Infectious Diseases Case of the Month Case #1

A 38 y.o. married hispanic male was admitted to the hospital with fever and RUQ pain. Though born in Mexico the patient had resided in north central Washington for the previous 18 years. For seven consecutive years he had worked on Alaska fishing boats in the summers. Recent catches were of hake and pollack. The boats he worked on were large with crews of multiple nationalities.

Previously healthy, the patient became ill with fevers, nausea, vomiting and RUQ pain two days after his most recent fishing trip. He had no previous history of abdominal problems and had not had recent diarrhea. He denied substance use or history of STD or sexual promiscuity.

Laboratory evaluation included: WBC 18.7 without abnormal eosinophilia; hgb 13.8; Bili 1.5; AST34; ALT 81; Alk Phos 291; amylase <30. His CT scan is pictured at left.

What is your diagnosis?
Diagnosis: Amebic Liver Abscess

These fairly well circumscribed hypodense lesions in the right and left lobes of the liver could certainly have multiple etiologies. Given the patient's ethnic background and exposure to fishing boat crew members of multiple nationalities, the possibility of amebic abscesses was early entertained as a likely diagnosis. He was begun on metronidazole and quickly experienced clinical improvement. Entamoeba histolytica serologies subsequently were positive (titer 1:1024). Serologies for Echinococcus were negative. The patient did not require drainage of the abscess, recovered uneventfully, and was treated subsequently with a course on an intra-luminal agent, iodoquinol.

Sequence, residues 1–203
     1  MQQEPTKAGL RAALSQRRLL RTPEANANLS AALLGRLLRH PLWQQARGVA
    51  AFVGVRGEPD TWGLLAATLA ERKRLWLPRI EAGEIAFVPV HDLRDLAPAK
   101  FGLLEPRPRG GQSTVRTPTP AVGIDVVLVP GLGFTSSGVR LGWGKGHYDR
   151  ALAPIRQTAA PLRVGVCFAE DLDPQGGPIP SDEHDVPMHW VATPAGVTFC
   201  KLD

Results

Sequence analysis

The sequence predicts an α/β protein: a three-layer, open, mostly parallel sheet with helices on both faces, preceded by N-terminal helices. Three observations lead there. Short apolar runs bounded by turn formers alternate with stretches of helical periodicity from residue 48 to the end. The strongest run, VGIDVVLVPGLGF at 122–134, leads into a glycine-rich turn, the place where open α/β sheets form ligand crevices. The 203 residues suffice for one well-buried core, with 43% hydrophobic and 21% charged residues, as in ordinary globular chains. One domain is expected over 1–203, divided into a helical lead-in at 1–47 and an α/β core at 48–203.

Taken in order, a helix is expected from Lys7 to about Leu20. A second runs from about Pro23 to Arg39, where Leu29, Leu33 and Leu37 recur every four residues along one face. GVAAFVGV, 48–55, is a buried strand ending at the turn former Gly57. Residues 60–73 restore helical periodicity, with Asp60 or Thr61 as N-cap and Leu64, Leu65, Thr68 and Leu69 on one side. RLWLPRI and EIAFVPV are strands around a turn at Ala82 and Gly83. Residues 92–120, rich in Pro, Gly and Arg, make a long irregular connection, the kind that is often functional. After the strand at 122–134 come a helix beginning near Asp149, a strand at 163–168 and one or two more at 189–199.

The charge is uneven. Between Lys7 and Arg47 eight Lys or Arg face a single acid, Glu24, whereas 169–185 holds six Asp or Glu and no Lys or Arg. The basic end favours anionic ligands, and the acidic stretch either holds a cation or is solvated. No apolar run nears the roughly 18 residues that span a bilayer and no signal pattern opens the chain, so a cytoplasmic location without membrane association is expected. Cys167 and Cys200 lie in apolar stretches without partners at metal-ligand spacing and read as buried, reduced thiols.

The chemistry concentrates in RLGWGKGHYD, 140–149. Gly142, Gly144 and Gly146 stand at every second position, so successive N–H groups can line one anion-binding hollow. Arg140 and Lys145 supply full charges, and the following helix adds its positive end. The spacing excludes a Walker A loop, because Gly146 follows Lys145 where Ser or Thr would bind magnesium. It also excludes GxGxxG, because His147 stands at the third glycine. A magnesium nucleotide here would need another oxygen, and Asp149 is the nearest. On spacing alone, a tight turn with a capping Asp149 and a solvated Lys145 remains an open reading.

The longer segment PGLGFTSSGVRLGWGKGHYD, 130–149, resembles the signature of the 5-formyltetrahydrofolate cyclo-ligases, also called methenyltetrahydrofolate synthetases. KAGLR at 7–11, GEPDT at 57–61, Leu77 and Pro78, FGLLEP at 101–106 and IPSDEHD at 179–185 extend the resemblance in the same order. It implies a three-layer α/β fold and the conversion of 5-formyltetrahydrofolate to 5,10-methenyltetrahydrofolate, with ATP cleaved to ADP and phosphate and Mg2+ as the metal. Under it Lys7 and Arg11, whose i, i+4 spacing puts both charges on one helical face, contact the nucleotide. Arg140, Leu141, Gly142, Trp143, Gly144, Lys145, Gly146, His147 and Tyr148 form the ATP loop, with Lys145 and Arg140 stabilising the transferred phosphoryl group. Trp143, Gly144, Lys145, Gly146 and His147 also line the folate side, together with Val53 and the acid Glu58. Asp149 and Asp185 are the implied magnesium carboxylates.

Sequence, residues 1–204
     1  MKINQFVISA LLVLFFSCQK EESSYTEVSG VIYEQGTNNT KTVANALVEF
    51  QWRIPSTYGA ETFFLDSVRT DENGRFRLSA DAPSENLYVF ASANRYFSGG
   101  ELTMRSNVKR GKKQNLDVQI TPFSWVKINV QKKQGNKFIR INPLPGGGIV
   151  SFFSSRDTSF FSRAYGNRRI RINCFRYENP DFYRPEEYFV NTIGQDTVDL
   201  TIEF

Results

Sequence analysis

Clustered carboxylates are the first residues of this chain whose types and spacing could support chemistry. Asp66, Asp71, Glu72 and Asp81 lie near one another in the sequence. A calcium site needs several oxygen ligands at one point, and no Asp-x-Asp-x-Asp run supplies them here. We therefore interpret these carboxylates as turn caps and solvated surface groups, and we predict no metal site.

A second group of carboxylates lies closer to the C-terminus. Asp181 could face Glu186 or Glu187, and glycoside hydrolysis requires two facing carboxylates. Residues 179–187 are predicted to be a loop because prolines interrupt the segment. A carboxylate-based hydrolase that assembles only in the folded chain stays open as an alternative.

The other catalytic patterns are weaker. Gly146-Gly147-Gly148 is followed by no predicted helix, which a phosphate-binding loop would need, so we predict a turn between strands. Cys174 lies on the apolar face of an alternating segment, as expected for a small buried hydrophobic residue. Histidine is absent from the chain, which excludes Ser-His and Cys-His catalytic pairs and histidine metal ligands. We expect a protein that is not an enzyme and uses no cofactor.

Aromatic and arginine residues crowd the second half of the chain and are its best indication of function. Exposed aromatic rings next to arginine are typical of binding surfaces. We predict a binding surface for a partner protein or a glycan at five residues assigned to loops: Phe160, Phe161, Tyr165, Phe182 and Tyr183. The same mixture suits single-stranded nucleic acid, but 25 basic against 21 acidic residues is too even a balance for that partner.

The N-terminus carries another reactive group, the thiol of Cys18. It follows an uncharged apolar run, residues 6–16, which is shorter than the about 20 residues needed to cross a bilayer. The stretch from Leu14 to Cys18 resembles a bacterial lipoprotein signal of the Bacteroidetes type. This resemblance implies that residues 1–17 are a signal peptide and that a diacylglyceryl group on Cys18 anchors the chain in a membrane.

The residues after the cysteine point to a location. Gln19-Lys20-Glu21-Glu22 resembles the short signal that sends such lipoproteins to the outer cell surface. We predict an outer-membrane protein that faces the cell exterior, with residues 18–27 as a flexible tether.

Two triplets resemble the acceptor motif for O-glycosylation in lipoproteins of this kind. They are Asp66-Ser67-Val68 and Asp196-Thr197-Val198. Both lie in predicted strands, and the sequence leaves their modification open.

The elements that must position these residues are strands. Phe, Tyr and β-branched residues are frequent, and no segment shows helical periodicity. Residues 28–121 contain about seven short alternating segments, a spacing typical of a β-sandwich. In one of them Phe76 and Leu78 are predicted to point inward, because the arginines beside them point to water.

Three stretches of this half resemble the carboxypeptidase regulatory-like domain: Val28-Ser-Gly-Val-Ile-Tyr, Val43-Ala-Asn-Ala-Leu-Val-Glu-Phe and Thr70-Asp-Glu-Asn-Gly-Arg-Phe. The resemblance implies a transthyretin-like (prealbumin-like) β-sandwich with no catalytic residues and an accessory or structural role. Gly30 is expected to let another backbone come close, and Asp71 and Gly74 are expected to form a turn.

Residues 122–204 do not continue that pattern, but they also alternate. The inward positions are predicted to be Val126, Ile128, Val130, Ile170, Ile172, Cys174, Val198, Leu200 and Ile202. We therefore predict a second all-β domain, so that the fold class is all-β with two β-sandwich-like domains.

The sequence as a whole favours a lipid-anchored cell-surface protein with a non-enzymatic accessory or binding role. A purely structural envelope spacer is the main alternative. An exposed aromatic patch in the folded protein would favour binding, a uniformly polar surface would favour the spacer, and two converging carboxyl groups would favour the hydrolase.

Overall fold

This man's case represents a somewhat typical presentation of persons with amebic liver abscesses. Clinical findings can vary but typically there is fever, right upper quadrant pain, and moderate leukocytosis. Intestinal symptoms may or may not precede the onset of specific signs and symptoms of liver disease.


As in the case described, it is often unnecessary to drain amebic liver abscesses as they tend to respond well to medical therapy. Aspiration/drainage may be performed when an abscess is extremely large, when there is the potential for rupture, or when the diagnosis is in doubt. Complications of amebic liver abscesses include rupture across the diaphragm and resultant hepatobronchial fistula, pleural effusion and empyema, and lung abscess.

Medical treatment is with a tissue active drug such as metronidazole followed by an intraluminal agent (referring to the gut lumen) to eliminate asymptomatic cyst carriage.

Ref: Strickland, ed., Hunter's Tropical Medicine, 8th ed., 2000, pgs. 577-588.

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